I wasn’t sure how to answer that question.
Little Bit and I used to treat nearby San Marino’s Huntington Art Gallery like our own personal hideaway. That membership fee was the best money I could have ever spent on early childhood education. Instead of preschool, my daughter spent hours with me learning about art and architecture. (Plus, she spent a lot of after-gallery time looking for fairies in the clover and splashing her hands in the fountains of the Children’s Garden.) Her dad and I didn’t go in for the Teach Your Baby to Read movement. We didn’t know then that with the new educational model, preparation for rigorous academic standards starts around age 2. We were more into a philosophy along the lines of Let Our Baby Think, Feel and Explore.
Although we regularly made our rounds through all of the Huntington buildings, studying the soft blur of Mary Cassatt as well as the sharp form of Arts and Crafts furniture, Little Bit always liked the 18th Century figurative works best of all. Pinkie, by Thomas Laurence, is still one of her favorite portraits.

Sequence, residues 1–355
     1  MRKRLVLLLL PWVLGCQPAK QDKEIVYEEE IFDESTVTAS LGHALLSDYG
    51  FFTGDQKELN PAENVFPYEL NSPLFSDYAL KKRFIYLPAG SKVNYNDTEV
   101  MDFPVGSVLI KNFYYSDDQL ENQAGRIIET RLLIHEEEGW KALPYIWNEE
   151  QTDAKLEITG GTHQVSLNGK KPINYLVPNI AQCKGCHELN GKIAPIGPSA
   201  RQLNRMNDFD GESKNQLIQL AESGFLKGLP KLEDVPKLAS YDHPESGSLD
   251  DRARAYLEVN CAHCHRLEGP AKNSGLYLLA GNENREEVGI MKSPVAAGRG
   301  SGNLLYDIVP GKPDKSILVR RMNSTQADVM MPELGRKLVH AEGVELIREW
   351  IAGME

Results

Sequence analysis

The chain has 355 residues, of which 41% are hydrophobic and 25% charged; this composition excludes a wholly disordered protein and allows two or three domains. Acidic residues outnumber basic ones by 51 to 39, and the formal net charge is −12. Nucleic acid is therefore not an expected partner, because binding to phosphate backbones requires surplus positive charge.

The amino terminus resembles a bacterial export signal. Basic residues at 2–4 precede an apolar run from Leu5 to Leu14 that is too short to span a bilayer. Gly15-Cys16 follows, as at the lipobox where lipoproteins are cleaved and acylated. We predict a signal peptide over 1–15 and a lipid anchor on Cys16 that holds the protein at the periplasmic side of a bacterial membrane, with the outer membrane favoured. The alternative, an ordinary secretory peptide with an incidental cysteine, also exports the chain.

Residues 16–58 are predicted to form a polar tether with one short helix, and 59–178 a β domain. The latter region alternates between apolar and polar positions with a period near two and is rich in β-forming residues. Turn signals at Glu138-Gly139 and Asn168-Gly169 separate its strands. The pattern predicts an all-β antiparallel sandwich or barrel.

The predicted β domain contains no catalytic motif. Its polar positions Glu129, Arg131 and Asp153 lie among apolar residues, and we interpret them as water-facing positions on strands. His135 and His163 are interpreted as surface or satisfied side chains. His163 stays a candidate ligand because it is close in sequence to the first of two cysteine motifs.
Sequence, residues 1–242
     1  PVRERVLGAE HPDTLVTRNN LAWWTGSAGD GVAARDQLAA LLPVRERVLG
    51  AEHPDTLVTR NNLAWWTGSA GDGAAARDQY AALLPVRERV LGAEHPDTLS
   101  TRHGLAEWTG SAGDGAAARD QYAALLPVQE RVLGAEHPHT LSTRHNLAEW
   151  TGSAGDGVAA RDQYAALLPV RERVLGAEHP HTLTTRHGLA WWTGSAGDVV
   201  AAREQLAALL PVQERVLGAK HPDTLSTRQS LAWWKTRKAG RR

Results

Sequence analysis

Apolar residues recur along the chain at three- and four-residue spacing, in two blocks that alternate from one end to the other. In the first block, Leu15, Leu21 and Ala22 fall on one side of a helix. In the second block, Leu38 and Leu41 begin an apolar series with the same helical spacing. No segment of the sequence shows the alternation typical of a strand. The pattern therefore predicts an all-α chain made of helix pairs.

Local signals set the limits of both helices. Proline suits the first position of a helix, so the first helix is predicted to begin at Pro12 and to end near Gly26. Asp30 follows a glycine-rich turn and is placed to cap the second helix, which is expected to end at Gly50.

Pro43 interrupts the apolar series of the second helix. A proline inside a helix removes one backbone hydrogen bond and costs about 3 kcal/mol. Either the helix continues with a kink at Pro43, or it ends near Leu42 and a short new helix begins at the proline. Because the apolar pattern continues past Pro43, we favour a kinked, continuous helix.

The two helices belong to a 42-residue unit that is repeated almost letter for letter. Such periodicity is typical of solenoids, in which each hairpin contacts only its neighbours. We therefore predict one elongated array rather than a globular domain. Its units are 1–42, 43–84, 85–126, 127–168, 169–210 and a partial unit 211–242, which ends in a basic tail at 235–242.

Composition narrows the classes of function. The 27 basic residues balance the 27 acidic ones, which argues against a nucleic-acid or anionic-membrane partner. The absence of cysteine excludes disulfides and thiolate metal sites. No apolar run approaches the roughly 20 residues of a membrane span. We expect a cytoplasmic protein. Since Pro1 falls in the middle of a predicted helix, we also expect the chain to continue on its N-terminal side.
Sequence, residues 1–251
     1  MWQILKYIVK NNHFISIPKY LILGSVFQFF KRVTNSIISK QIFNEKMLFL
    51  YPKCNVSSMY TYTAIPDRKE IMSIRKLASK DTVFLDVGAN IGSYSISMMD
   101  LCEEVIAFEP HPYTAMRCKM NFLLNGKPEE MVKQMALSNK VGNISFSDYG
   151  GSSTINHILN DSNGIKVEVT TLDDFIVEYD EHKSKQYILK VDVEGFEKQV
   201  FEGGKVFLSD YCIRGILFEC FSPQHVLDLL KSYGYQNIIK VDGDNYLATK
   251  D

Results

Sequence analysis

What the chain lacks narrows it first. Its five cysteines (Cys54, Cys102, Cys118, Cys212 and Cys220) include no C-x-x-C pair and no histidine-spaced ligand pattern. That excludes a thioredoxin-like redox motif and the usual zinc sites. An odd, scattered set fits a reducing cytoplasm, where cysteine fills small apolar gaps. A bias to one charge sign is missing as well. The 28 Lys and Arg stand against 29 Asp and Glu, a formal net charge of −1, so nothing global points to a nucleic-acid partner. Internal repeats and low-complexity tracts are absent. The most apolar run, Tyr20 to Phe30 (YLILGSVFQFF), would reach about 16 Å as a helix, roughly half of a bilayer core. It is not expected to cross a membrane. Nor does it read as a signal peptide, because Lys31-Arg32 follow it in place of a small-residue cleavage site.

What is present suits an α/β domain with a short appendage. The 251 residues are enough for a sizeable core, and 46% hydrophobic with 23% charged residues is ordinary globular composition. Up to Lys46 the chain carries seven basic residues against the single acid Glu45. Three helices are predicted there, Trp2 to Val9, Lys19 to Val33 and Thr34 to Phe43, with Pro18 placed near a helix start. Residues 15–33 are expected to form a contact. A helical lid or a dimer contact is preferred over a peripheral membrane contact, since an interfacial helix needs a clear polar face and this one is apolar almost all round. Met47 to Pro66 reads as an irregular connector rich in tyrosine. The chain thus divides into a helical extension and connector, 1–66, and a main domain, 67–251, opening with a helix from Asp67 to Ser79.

“So,” Little Bit repeated. “Why can’t we ever go anymore?”
“We don’t have time during the week since you started first grade,” I said. “We have to do your homework, and with the sight words, the spelling words, the spelling word sentence drill practice, the timed math test practice, the math worksheets, the spelling worksheets and then the work you couldn’t finish during school hours, that means we can’t…”
“I know, I know,” Little Bit interrupted. “But some of my homework was about art the other day and I think the school needs to come back to the Huntington to learn something about it.”
“Learn what?” I said.
“They need to learn that silver is a cool color. We were doing a worksheet on warm and cool colors and they were talking about Monet’s haystack paintings. I got mine marked wrong because the sheet said that blue, green and purple were cool colors and I colored silver too. I just thought they knew that Monet actually used silver in those haystacks, too. Of course it’s a cool color. Cool like moonlight and shadows. But I think they didn’t even know that.”
“Why didn’t you say something?” I said.
“I didn’t want to hurt anyone’s feelings,” she said.
(Try registering that on a standardized test.)
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